Horticultural Gallery.


One works to greater or lesser effect in the garden, sometimes to create a "garden scene," other times perhaps to develop a new plant. In this gallery will be shown some new plants I have developed which have some point of interest—though not necessarily of beauty! (Other components of my collection may be found on my Cactus page (click to go there). I include as well some pictures of some plants in my garden not developed by me but which I find attractive or interesting. For what they are worth, then:


The first bloom from my latest Hippeastrum x Sprekelia crop.

This is the first to bloom of about a dozen seedlings from my last Hippeastrum x Sprekelia cross. All of the seedlings show, in their leaves, the very varnished glossiness of Sprekelia; the leaf width varies from seedling to seedling. This first blossom pleases me in showing good hints of the classic Sprekelia form. I also like the white flashes on the petals.


• Another Hippeastrum hybrid.
This is the result of a cross between an old nameless scarlet Amaryllis (Hippeastrum) which I call 'Pseudojohnsonii' and—most likely—the variety 'Sumac Pinini' (better known as 'Spotty'). It shows little or nothing of the mother variety, and much affinity with the presumed father. When encountered "in person," it first strikes the observer as being some sort of exotic coral-colored Lily. This was the first to bloom of about a dozen seedlings from the same pod; we can look forward to the first bloom of its various siblings!


• A New Dianthus Cross.
A cross between the yellow Dianthus knappii and the magenta Dianthus carthusianorum yielded a crop of seedlings showing much variation in the flowers, which ranged from near representations of each parent to divergences in flower coloration, flower size, and petal serration. In the picture at left, below, the seedling's flower, which looks very much like one of pure D. knappii at a glance, nevertheless shows the effect of its father with a slight, barely discernible, blush on the petals; its sibling, at right, shows a pronounced blush.

One variation not seen is any gradation in the yellow or the magenta color of the parents. The yellow, however much it appears in the blossom, is always the yellow of the maternal D. knappii, and the magenta, however much it appears in the blossom, is always the shade of magenta found in the paternal D. carthusianorum.



• The Collared Belladonna.
This is a seedling which grew spontaneously from seed from a specimen of the variety 'Johannesburg' of the South African Belladonna, a plant commonly called "Naked Lady." I call it the "collared" Belladonna because, importantly, there develops a band at the base of the leaves which—in contradistinction to the average type—prevents the leaves from flopping all over their neighbors. The Collared Belladonna at full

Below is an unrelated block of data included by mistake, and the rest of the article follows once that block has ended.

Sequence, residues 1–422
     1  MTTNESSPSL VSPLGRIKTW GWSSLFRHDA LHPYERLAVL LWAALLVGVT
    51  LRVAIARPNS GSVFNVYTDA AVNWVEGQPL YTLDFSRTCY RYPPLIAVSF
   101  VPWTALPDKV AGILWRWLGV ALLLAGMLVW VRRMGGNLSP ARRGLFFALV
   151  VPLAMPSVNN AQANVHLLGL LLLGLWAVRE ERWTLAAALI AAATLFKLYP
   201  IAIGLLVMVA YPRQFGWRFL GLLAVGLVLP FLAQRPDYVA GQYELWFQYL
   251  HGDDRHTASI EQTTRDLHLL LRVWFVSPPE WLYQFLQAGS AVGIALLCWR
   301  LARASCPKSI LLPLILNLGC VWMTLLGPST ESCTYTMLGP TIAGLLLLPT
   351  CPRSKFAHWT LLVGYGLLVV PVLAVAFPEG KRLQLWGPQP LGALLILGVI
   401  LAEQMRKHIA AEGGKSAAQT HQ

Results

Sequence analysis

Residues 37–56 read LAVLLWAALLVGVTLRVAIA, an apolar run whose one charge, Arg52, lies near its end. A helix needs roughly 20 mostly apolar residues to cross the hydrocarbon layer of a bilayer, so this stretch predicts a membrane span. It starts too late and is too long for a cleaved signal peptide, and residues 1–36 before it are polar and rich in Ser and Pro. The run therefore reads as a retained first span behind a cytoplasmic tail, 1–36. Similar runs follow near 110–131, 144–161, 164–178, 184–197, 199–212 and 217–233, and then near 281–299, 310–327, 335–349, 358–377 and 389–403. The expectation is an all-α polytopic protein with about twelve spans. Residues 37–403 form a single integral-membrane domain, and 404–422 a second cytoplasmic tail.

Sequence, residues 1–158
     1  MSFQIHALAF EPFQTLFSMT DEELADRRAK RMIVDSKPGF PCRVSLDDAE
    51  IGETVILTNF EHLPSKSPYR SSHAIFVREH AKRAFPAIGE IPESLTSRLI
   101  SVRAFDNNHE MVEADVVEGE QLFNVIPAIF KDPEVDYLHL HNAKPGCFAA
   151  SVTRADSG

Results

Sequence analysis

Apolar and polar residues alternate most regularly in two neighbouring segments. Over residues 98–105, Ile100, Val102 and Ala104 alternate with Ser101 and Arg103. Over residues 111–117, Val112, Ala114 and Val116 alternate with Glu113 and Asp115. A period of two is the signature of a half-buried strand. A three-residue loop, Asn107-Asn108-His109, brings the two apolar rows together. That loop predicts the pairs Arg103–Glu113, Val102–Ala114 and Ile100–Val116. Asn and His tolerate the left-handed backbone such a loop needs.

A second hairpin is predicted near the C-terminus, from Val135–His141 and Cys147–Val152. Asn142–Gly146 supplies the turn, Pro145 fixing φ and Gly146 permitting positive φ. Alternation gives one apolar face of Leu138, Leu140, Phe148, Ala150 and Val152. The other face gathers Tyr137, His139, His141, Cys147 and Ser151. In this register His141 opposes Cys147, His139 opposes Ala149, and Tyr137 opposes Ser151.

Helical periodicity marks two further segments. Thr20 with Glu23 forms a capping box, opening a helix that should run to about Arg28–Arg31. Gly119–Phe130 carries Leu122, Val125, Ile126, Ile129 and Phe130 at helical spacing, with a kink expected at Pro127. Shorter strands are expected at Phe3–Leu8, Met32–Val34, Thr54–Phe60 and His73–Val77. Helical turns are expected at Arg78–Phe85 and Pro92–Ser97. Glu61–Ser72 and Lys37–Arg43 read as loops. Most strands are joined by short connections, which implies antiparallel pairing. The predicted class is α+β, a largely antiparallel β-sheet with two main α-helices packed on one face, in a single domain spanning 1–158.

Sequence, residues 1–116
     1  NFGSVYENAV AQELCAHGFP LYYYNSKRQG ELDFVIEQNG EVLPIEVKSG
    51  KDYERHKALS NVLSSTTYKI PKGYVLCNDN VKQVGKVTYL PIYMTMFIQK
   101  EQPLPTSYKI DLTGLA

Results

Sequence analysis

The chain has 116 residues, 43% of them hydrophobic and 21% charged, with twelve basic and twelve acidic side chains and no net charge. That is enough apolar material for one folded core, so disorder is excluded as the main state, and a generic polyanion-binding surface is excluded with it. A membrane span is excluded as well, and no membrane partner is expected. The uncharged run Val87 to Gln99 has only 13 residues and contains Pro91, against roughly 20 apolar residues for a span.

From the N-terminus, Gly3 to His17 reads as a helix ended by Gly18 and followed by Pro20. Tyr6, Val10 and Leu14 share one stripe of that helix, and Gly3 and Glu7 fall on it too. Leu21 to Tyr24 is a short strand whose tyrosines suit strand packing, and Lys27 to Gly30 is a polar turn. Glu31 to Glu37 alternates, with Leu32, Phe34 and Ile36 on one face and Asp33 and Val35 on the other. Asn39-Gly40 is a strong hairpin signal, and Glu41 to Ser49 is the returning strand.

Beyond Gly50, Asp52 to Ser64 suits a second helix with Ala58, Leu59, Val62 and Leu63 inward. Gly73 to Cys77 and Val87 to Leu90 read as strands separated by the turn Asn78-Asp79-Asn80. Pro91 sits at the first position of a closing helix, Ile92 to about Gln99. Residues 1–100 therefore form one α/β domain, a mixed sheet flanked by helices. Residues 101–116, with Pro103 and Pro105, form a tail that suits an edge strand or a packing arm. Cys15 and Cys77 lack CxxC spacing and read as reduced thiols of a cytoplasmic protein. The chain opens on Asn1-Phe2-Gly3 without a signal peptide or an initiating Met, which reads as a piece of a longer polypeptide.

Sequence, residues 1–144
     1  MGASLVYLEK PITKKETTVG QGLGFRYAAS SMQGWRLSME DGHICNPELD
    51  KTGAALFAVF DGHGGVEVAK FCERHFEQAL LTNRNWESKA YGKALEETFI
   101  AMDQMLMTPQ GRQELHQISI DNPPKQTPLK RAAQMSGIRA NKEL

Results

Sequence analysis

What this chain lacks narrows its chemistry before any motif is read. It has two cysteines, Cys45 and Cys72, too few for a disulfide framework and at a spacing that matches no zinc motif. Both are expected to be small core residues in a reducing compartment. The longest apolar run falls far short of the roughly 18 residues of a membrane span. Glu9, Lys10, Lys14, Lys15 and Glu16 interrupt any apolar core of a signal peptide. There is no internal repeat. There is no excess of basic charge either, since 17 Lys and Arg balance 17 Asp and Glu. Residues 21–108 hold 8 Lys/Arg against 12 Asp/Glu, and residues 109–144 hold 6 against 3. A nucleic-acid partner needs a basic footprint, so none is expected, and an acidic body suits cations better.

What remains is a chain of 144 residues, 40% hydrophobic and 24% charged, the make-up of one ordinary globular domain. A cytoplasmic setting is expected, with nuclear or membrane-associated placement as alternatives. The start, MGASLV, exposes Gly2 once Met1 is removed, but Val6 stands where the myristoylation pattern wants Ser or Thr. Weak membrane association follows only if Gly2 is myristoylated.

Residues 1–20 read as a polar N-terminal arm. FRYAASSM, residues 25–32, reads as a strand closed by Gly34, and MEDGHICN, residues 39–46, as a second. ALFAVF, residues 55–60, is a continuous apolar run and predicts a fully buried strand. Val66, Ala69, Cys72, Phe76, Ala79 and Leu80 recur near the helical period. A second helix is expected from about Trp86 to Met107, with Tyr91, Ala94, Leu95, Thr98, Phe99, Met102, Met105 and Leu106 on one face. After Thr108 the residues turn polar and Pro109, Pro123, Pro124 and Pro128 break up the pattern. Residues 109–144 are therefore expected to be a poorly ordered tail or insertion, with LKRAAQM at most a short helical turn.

length.The plant's leaves and scape are about 30% shorter than those of the average type (while the blossoms are just as large); further, the scape is not only more erect in and of itself, but also—again unlike the common sort with nodding flowers—each blossom, colored a good strong pink, opens vertically or nearly vertically, making a more striking visual effect in the garden. Thus, this Collared Belladonna is neater and much more suitable for garden use in every way in comparison to the common Naked Ladies. I have given this Collared Belladonna the name 'Freya', after the Nordic goddess of Love.


• A new Amaryllis.
This is a variety I bred from a cross of Hippeastrum 'Donau' and Sprekelia formosissima. It shows almost no trace of the Sprekelia, except perhaps in the slightly more glossy, more yellow-green leaves, which are also slightly more narrow than those of the typical Hippeastrum (Amaryllis). Even discounting the complicity of the Sprekelia, however, I am pleased with the bright and fresh bright rose-pink color, a welcome relief from the legion of scarlets and salmon-oranges found in Amaryllis hybrids. As you can see from the full-length picture below, it has a good, long, graceful stem, further distinguishing it from the stout squat Amaryllises we see too much of.The whole plant. The Fuchsia in the background is the Triphylla hybrid 'Koralle'. Update: Sadly, the one characteristic this plant did acquire from its Sprekelia parent was a great sensitivity to moisture. After a few years of growing happily and producing offsets, one by one all specimens rotted away, even those in the most porous soil mix. Alas!




• A new Bourbon Rose.
This (to the right) is 'Charles XII', new Bourbon rose I raised from seed of the Bourbon 'Souvenir de Victor Landeau' (Moreau-Robert, 1890). It is extremely vigorous, forming long strong canes perfect for training against a fence. The blossoms come both singly and in paucifloral clusters, and have a rich, moderate fragrance. The plant is healthy and strong, and, once mature, is rarely without a blossom; at the height of the season, the plant is truly wreathed in bloom. It is named after the ambitious Swedish king who lived 1682-1718.






• The Case of the Anomalous Habranthus.